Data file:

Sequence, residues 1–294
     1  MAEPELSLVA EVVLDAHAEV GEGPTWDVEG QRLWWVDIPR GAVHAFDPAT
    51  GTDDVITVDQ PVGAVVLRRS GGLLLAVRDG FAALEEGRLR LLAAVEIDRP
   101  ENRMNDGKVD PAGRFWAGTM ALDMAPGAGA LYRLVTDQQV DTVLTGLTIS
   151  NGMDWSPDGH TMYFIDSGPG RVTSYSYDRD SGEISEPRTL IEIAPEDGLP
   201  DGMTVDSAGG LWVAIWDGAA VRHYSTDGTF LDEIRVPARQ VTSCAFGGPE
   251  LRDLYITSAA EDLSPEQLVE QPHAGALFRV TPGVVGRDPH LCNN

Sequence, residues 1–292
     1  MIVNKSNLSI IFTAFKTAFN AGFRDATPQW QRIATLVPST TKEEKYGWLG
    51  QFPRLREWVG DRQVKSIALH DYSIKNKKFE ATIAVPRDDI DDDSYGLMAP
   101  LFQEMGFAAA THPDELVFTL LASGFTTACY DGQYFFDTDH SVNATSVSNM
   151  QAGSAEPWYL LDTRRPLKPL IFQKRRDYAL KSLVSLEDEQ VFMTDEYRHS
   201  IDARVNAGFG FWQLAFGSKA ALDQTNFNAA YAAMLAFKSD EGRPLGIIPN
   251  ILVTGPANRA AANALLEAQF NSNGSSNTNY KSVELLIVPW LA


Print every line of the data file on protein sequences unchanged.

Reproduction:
Sequence, residues 1–294
     1  MAEPELSLVA EVVLDAHAEV GEGPTWDVEG QRLWWVDIPR GAVHAFDPAT
    51  GTDDVITVDQ PVGAVVLRRS GGLLLAVRDG FAALEEGRLR LLAAVEIDRP
   101  ENRMNDGKVD PAGRFWAGTM ALDMAPGAGA LYRLVTDQQV DTVLTGLTIS
   151  NGMDWSPDGH TMYFIDSGPG RVTSYSYDRD SGEISEPRTL IEIAPEDGLP
   201  DGMTVDSAGG LWVAIWDGAA VRHYSTDGTF LDEIRVPARQ VTSCAFGGPE
   251  LRDLYITSAA EDLSPEQLVE QPHAGALFRV TPGVVGRDPH LCNN

Sequence, residues 1–292
     1  MIVNKSNLSI IFTAFKTAFN AGFRDATPQW QRIATLVPST TKEEKYGWLG
    51  QFPRLREWVG DRQVKSIALH DYSIKNKKFE ATIAVPRDDI DDDSYGLMAP
   101  LFQEMGFAAA THPDELVFTL LASGFTTACY DGQYFFDTDH SVNATSVSNM
   151  QAGSAEPWYL LDTRRPLKPL IFQKRRDYAL KSLVSLEDEQ VFMTDEYRHS
   201  IDARVNAGFG FWQLAFGSKA ALDQTNFNAA YAAMLAFKSD EGRPLGIIPN
   251  ILVTGPANRA AANALLEAQF NSNGSSNTNY KSVELLIVPW LA